By Lauren Lamb
Your broodmare is due to foal any day. You have spent countless hours searching the internet for information regarding newborn foals (medical care, handling, etc.). Finally, the foal arrives and the foaling process goes as planned. You make sure the foal gets his colostrum within the first 12 hours of birth because that is what the internet says to do, and you dip his umbilical cord in betadine. The next morning you come out to check on the fragile precious package and all seems fine. Then it happens, an owner’s worst nightmare. At 36 hours of age, your foal has diarrhea, seems depressed and is not nursing. The next thoughts going through your head will most likely include the following:
- Do I call my veterinarian?
- Is this life threatening?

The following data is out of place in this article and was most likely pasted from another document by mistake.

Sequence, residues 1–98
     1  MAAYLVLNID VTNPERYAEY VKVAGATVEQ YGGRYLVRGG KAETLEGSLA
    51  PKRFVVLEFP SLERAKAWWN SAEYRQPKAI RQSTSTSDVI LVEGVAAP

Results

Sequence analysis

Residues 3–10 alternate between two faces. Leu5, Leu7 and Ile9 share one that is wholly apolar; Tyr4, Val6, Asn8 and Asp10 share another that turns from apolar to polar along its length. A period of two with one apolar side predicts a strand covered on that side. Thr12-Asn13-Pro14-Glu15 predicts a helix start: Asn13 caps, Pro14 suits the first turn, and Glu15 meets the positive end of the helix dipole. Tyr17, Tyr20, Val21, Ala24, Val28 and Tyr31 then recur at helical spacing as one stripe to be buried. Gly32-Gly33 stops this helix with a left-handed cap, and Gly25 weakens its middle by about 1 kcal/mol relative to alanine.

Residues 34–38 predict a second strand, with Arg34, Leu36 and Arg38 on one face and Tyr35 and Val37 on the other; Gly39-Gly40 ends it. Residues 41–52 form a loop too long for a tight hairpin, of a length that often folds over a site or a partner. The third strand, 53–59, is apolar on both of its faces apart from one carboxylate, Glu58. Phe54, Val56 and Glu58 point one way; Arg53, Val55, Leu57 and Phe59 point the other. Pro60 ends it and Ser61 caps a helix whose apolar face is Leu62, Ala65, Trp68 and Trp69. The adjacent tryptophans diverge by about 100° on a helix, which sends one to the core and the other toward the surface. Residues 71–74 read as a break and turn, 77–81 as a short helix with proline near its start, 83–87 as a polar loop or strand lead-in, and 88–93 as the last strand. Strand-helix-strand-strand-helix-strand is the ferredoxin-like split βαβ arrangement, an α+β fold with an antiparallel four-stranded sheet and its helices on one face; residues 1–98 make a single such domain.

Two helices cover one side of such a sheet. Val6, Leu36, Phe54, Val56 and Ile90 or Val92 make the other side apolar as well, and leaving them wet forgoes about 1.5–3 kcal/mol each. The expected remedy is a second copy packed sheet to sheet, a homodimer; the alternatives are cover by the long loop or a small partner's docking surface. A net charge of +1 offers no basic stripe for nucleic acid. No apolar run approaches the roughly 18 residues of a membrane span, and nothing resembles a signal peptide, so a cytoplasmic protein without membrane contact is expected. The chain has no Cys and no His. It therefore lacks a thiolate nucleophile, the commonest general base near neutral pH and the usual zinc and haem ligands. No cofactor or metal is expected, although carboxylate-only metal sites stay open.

- Did I do something wrong?
- What can possible cause my precious foal to have diarrhea at this age?
- Is this foal heat diarrhea?
The list of questions can go on and on when your foal has diarrhea. In this article we will discuss the main causes for foal diarrhea, clinical signs of infectious diarrhea, help differentiate between infectious and foal heat diarrhea and list some of the treatment and preventative measures for foal diarrhea.
Foal diarrhea can be broken down into infectious and non-infectious diarrhea. Non-Infectious diarrhea is caused by changes in the gastrointestinal tract’s normal flora. Flora is another name for the good bacteria living inside the intestine. Foal heat diarrhea is the most common cause of non-infectious diarrhea.
Foal heat diarrhea is seen in foals between the ages of five-14 days. The thought that foal heat diarrhea is secondary to changes in the mare’s milk is an old wives’ tale. The true cause of foal heat diarrhea stems from the foal exploring its surrounding environment. Similar to a human baby, foals will put anything and everything in their mouth as they begin to explore the world around them. During this time, they will also practice coprophagy (eating feces), which may sound nasty, but it is how the foal establishes a normal bacterial flora population in its gastrointestinal tract.
For additional information, pick up the May issue of OKFR!